Michelet’s book is ripe with rage and hyperbole, remarkable for its proto-feminist and explicitly anti-Catholic approach in recounting the history of witchcraft and its persecution. The film too, right up to Belladonna’s tragic but utterly beautiful climax, supports the idea that under a despotic patriarchy, just being a proud, sexual woman and living how you want to live is in itself an act of social defiance, protest and revolution. "Witchcraft" here is the slanderous code word for female energy and Jeanne is made a martyr for every female trait that can be slung at her: lover, wife, caregiver, whore, witch, sorceress, goddess, and, once killed, eternal muse, the creative inspiration incarnate. In a clunky tag-on ending, she is linked explicitly to Joan of Arc and the symbolic Lady Liberty of France, Marianne.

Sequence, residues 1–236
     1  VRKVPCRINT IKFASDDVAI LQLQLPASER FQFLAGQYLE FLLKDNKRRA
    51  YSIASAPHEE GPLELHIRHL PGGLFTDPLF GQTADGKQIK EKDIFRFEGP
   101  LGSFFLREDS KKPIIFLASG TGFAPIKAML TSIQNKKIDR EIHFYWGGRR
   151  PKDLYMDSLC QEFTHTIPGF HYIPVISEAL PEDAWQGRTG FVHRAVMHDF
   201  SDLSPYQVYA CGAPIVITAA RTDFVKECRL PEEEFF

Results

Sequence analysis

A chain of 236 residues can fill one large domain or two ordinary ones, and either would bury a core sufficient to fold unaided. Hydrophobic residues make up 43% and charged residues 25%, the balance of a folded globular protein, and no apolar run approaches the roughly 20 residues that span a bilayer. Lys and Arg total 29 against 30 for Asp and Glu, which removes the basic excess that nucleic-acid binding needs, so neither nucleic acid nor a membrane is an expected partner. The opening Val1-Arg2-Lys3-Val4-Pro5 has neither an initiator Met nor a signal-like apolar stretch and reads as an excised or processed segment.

Unlike One Thousand and One Arabian Nights and Cleopatra, this film is gripping in its meaning as well as its imagery; kissing and searing the brain and retinas at once. Wild diversions include an extended sequence of out-of-nowhere explosive pop art psychedelia akin to the hallucinatory Americana of Vincent Collins (Malice in Wonderland, 1982), or the montage of overlapping naked bodies fucking and sucking through the strands of Jeanne’s hair. The heavy and mellow are equally enthralling in Belladonna, from a protracted sequence of Jeanne, after her rape by the Baron, slowly washing herself behind a filter of textured glass, to the flash pan epilepsy lights that beckon the Black Plague, animated as a monstrous oil gush melting and dissolving all of man’s buildings like sand castles under a tidal wave. All this is set to the staggering psych-funk score by Masahiko Sato, which is absolutely screaming for a vinyl reissue, by the way!